Coleman goes on to say:
Abu Zubaida … was a “safehouse keeper” with mental problems who claimed to know more about al-Qaeda and its inner workings than he really did.
Looking at other evidence, including a serious head injury that Abu Zubaida had suffered years earlier, Coleman and others at the FBI believed that he had severe mental problems that called his credibility into question. “They all knew he was crazy, and they knew he was always on the damn phone,” Coleman said, referring to al-Qaeda operatives. “You think they’re going to tell him anything?”
Senior Bush administration officials sternly cautioned the 9/11 Commission against probing too deeply into the terrorist attacks of September 11, 2001, according to a document recently obtained by the ACLU.
The notification came in a letter dated January 6, 2004, addressed by Attorney General John Ashcroft, Defense Secretary Donald H. Rumsfeld and CIA Director George J. Tenet. The ACLU described it as a fax sent by David Addington, then-counsel to former vice president Dick Cheney.
In the message, the officials denied the bipartisan commission’s request to question terrorist detainees, informing its two senior-most members that doing so would “cross” a “line” and obstruct the administration’s ability to protect the nation.
“In response to the Commission’s expansive requests for access to secrets, the executive branch has provided such access in full cooperation,” the letter read. “There is, however, a line that the Commission should not cross — the line separating the Commission’s proper inquiry into the September 11, 2001 attacks from interference with the Government’s ability to safeguard the national security, including protection of Americans from future terrorist attacks.”
“The Commission staff’s proposed participation in questioning of detainees would cross that line,” the letter continued. “As the officers of the United States responsible for the law enforcement, defense and intelligence functions of the Government, we urge your Commission not to further pursue the proposed request to participate in the questioning of detainees.”
Destruction of Evidence
The interrogators made videotapes of the interrogations. The 9/11 Commission asked for all tapes, but the CIA lied and said there weren’t any.
The CIA then destroyed the tapes.
Specifically, the New York Times confirms that the government swore that it had turned over all of the relevant material regarding the statements of the people being interrogated:
“The commission did formally request material of this kind from all relevant agencies, and the commission was assured that we had received all the material responsive to our request,” said Philip D. Zelikow, who served as executive director of the Sept. 11 commission ….
“No tapes were acknowledged or turned over, nor was the commission provided with any transcript prepared from recordings,” he said.
But is the destruction of the tapes — and hiding from the 9/11 Commission the fact that the tapes existed — a big deal? Yes, actually. As the Times goes on to state:
Daniel Marcus, a law professor at American University who served as general counsel for the Sept. 11 commissionand was involved in the discussions about interviews with Al Qaeda leaders, said he had heard nothing about any tapes being destroyed.If tapes were destroyed, he said, “it’s a big deal, it’s a very big deal,” because it could amount to obstruction of justice to withhold evidence being sought in criminal or fact-finding investigations.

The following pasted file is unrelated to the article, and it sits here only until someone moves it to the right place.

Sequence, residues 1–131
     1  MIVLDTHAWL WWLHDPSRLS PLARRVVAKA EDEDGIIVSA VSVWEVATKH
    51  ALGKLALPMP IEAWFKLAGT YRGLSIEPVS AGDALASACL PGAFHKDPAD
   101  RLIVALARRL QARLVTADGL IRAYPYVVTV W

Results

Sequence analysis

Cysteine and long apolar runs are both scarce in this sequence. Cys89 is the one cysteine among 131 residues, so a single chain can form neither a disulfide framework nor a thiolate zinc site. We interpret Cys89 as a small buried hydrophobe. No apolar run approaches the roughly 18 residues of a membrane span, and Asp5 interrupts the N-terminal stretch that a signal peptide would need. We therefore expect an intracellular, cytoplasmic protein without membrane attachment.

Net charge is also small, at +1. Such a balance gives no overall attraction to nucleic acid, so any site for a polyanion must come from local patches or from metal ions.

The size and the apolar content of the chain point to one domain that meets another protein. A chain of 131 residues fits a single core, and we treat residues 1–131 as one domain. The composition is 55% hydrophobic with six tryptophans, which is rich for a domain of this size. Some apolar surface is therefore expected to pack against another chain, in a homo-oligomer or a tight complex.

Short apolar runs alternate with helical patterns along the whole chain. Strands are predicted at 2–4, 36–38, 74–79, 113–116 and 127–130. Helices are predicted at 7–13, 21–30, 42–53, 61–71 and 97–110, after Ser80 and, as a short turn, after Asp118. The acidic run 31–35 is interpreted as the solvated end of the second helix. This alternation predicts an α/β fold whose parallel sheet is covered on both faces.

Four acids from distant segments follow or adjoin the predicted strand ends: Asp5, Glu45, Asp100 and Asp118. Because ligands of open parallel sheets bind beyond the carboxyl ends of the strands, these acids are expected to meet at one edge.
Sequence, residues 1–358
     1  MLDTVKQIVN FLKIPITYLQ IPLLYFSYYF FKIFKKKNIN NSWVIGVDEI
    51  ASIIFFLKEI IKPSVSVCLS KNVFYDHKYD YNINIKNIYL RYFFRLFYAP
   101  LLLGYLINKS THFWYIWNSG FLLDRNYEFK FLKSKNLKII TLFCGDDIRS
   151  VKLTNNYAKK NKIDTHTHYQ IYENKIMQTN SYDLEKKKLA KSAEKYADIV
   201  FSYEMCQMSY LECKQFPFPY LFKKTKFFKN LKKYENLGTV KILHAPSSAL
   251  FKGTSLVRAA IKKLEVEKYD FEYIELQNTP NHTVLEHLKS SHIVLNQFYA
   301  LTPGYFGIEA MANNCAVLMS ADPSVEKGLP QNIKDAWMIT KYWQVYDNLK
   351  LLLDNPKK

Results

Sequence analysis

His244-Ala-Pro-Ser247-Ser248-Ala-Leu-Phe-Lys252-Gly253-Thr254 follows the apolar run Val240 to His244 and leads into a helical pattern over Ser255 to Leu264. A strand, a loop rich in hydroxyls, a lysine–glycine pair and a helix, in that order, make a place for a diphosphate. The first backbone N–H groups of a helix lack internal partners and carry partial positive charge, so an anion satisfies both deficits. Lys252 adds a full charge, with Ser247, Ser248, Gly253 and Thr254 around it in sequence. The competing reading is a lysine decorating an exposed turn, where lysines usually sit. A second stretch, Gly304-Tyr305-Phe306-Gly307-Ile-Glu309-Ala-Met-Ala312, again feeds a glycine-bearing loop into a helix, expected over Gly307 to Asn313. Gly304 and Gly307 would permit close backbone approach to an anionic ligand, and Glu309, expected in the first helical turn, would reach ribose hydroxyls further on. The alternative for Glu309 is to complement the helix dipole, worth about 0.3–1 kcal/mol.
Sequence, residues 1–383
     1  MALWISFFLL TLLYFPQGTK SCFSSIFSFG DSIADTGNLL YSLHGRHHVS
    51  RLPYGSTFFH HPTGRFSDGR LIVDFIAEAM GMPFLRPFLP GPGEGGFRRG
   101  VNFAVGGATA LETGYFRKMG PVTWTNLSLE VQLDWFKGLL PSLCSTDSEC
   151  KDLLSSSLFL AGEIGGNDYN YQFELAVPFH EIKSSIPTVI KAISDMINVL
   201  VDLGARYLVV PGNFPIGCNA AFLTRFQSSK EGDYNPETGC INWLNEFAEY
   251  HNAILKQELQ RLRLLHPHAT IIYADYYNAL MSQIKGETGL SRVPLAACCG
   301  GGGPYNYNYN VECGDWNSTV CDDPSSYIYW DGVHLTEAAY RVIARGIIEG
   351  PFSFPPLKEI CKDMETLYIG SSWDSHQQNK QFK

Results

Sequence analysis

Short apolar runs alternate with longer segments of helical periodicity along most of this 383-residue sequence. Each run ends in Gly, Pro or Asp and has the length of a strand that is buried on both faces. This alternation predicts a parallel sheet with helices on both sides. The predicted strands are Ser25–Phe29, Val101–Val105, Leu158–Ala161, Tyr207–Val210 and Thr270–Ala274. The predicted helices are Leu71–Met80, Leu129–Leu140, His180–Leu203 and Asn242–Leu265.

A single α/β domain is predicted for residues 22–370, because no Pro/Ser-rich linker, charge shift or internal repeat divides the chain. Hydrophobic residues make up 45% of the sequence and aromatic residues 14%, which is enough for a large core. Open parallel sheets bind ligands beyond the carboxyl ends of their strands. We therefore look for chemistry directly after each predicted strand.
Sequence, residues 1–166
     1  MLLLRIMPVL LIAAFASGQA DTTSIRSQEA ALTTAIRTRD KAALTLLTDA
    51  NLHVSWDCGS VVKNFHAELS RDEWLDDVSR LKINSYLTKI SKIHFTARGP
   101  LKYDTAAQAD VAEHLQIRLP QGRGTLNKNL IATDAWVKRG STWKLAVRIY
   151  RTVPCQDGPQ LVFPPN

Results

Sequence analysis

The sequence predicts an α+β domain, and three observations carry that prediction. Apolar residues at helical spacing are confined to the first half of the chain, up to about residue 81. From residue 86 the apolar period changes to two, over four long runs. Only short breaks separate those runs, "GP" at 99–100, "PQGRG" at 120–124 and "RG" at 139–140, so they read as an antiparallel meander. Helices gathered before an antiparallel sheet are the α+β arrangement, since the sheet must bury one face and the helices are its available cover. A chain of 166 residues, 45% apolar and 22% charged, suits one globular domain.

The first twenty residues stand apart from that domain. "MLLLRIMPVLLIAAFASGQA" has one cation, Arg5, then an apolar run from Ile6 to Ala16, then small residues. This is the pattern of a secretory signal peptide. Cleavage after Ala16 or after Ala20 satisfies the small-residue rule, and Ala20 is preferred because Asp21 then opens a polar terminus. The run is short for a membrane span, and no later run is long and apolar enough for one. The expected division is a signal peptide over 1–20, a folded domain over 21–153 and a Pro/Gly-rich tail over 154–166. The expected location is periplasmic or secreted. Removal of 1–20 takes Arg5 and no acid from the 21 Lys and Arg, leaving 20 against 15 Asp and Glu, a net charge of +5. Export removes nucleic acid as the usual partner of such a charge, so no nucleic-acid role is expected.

Indeed, 9/11 Commission co-chairs Thomas Keane and Lee Hamilton wrote:
Those who knew about those videotapes — and did not tell us about them — obstructed our investigation.
The CIA also is refusing to release any transcripts from the interrogation sessions. As I wrote a year ago:
What does the fact that the CIA destroyed numerous videotapes of Guantanamo interrogations, but has 3,000 pages of transcripts from those tapes really mean?
Initially, it means that CIA’s claim that it destroyed the video tapes to protect the interrogators’ identity is false. Why? Well, the transcripts contain the identity of the interrogator. And the CIA is refusing to produce the transcripts.
Obviously, the CIA could have “blurred” the face of the interrogator and shifted his voice (like you’ve seen on investigative tv shows like 60 Minutes) to protect the interrogator’s identity. And since the CIA is not releasing the transcripts, it similarly could have refused to release the videos.
The fact that the CIA instead destroyed the videos shows that it has something to hide.
Trying to Create a False Linkage?
I have repeatedly pointed out that the top interrogation experts say that torture doesn’t work.
As I wrote last May:
The fact that people were tortured in order to justify the Iraq war by making a false linkage between Iraq and 9/11 is gaining attention.
Many people are starting to understand that top Bush administration officials not only knowingly lied about a non-existent connection between Al Qaida and Iraq, but they pushed and insisted that interrogators use special torture methods aimed at extracting false confessions to attempt to create such a false linkage.
Indeed, the Senate Armed Services Committee found that the U.S. used torture techniques specifically aimed at extracting false confessions (and see this).
And as Paul Krugman wrote in the New York Times:
Let’s say this slowly: the Bush administration wanted to use 9/11 as a pretext to invade Iraq, even though Iraq had nothing to do with 9/11. So it tortured people to make them confess to the nonexistent link.